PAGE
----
There are two posts here, one above the other. This is meant to keep together all the posts regarding this river and its launch sites for easier reference later. The download may have taken longer and you may have seen the older post before but this system made more sense to me than a scattered chronological order.
January 11, 2019, I launched the 9.25′ Emotion kayak halfway up the river at the bridge by Rainbows End Lane and paddled upstream to Cullaby Lake and back.
December 27, 2018, We launched the Emotion kayak along with a neighbor and his small kayak from Warrenton’s 2nd St. kayak dock. We paddled upstream to the Highway 101 bridge, beyond and back.
11 January 2019: Finding the Source of the Skipanon River
The Skipanon is almost too long a river to complete in a day but it can be done in two. I still haven’t paddled around the mouth to look at Warrenton’s large marina, the even larger lumber mill, and the mouth of the Columbia River that according to another local paddler ‘will make you feel small’. There is a small dirt road on the east side of the Skipanon that leads to the edge of the Columbia for anyone who wants to check it out by land.
A few weeks ago, December 27, two of us paddled and climbed upriver as far as the water reservoir road, which, I found out later, was less than 2 miles from the river’s source. When we got back to the dock, another boat owner told me how he had once paddled and dragged his canoe all the way to Cullaby Lake. As most canoes are 14 to 16 feet long and around 70 pounds, the challenge had been made.
Always looking for places to launch, I saw that the bridge at Rainbows End Lane had a pretty level launch site. The Perkins Lane bridge further upstream looked too steep to launch and, as I found out later, has no legitimate parking.
My NOAA partner last trip is familiar with someone helping the shoreline restoration.
Ahead of me was a rustle and a rumble as a herd of elk spotted me before I spotted them. Here is the last little one before they were gone.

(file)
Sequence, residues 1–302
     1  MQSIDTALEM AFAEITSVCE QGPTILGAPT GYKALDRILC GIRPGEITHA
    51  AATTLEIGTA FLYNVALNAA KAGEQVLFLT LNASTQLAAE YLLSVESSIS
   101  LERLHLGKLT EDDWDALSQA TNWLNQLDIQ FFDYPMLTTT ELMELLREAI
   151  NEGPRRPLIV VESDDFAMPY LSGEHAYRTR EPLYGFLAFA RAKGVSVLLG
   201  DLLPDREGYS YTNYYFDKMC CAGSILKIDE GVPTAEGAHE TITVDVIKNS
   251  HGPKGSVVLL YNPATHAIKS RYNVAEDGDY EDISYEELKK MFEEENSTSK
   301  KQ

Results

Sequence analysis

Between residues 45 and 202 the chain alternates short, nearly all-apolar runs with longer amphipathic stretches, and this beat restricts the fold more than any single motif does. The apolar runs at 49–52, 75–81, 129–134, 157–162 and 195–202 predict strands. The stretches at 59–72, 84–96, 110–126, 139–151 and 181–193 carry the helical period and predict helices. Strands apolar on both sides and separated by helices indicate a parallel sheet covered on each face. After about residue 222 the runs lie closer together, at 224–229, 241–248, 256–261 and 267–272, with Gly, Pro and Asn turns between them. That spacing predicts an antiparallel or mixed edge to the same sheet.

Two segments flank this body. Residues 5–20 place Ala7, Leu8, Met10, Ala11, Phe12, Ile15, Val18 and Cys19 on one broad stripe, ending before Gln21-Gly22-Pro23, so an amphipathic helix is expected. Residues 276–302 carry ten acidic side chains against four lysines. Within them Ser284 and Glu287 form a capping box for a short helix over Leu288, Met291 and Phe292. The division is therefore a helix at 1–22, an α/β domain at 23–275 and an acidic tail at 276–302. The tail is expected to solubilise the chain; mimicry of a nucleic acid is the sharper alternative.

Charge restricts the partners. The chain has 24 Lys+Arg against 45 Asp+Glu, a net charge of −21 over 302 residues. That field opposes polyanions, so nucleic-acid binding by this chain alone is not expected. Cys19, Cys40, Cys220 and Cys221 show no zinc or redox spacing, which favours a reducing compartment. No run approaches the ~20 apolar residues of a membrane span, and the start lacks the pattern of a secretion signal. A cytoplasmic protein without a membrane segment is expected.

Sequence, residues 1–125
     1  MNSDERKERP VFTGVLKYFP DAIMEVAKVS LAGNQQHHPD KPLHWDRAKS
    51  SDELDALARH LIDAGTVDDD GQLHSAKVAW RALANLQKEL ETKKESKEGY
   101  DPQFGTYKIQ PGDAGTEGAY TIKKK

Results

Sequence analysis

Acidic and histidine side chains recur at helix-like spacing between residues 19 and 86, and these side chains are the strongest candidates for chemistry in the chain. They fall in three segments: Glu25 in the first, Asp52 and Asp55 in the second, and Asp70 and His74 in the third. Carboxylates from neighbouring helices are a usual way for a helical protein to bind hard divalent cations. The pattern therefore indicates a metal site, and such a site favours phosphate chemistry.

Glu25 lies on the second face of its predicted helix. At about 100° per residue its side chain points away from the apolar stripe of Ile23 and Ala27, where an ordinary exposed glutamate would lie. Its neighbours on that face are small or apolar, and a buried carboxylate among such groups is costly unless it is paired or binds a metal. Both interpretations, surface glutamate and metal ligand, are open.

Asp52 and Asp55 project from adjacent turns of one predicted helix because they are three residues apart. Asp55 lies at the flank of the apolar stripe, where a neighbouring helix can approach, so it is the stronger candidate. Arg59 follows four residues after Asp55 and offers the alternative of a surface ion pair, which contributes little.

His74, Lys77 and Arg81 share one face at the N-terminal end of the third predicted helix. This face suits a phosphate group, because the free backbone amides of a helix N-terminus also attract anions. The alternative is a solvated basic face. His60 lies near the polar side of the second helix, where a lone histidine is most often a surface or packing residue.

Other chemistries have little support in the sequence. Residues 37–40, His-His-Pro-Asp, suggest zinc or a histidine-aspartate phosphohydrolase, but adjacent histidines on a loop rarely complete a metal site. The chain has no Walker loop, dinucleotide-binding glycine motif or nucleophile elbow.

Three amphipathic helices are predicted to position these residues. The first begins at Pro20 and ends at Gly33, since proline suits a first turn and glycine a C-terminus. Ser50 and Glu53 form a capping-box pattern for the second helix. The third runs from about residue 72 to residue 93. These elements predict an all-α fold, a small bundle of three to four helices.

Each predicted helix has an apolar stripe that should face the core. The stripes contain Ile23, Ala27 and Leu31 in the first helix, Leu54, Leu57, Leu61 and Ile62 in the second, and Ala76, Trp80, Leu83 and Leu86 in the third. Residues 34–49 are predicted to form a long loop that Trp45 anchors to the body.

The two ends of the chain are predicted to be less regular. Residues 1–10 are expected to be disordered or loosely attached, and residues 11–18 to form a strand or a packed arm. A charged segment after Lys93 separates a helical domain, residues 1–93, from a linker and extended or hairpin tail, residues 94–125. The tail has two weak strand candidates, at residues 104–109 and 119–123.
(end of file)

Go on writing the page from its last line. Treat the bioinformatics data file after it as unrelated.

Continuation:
This reminded me that on the drive down, I heard a short announcement on the van’s radio from the Coast Guard asking people to please tie up their watercraft, particularly during high tide and strong wind events. When an empty boat is found drifting, they quickly need to identify the owner and whether there is an emergency. Crews are often put in needless risk and expense in a search for the boat’s owner.
I’ve heard that I’m descended from Henry Stanley who in 1871 found Dr. Livingston (as presumed). In 1877 Stanley confirmed John Speke’s 1858 assertion that Lake Victoria was the source of the White Nile, which later joins the Blue Nile at Khartoum.
I chose the route to the left, in search of a great lake, the source the Skipanon River.
One of the house owners shared with me that they had just paddled their kayaks and a canoe down the river recently but were stopped by the fallen trees west of the 101 bridge. They had a fun trip because the river had plenty of water. That might imply a more difficult trip during a drought. Today I noticed the 8.6′ rising tide had affected the river up to near the Fort to Sea Trail Bridge. From there upstream the current began that got up to 1.9 mph making for slow progress but a quick trip home.
I turned around to revisit the river from another angle. I averaged 4 mph compared to the 1.9 mph going upstream.
6.64 miles traveled in 2 hours 48 minutes with a maximum speed of 4.9 mph (downstream with the current) averaging 2.0 mph.)
27 December 2018: Upstream Over & Under the Skipanon River
The Skipanon River originates in Cullaby Lake, Oregon, and flows under the coastal highway 101 a half a mile south of the big box stores. It then flows through Warrenton, past a marina, a large lumber yard, and then into the Columbia River, not too far from the jetty at the mouth. There are few houses along its length making it a convenient paddle close to but mostly out of sight of civilization. I had recently read about a second free kayak dock just upstream of the Warrenton Marina launch. It was overlooked in my book. The dock is located at the east end of SE 2nd street in Warrenton. I felt it was a pretty big omission from the book as I had recommended that people pay to launch from the marina instead. Still, $5 might buy better security if you prefer parking lots.